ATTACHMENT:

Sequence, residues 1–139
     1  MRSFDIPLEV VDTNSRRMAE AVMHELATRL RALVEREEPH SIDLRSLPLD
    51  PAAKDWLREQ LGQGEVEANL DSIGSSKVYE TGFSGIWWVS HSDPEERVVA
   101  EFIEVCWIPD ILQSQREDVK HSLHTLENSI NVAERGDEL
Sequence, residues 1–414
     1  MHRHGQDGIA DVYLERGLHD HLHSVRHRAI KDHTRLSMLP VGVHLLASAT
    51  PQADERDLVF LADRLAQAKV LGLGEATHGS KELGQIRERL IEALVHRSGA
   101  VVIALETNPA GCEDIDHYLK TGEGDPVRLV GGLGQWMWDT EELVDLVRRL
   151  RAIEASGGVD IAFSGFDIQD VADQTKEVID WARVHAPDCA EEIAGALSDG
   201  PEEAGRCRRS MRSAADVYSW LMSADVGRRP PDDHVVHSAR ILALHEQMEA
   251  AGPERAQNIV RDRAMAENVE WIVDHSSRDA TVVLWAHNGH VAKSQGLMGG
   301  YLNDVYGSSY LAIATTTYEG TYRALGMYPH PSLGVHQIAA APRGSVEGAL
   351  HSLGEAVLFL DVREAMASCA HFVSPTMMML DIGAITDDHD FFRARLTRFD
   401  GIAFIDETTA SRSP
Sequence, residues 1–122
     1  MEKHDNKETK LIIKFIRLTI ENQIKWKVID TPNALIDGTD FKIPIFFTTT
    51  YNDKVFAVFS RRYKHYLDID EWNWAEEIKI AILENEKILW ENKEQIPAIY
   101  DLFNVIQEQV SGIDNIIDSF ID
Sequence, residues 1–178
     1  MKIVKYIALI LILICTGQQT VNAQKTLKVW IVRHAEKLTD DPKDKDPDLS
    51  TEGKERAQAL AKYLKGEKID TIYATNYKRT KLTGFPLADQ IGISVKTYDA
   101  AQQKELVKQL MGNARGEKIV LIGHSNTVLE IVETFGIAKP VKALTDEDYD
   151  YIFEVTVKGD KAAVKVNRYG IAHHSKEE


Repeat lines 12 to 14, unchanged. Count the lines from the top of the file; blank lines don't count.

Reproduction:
   301  YLNDVYGSSY LAIATTTYEG TYRALGMYPH PSLGVHQIAA APRGSVEGAL
   351  HSLGEAVLFL DVREAMASCA HFVSPTMMML DIGAITDDHD FFRARLTRFD
   401  GIAFIDETTA SRSP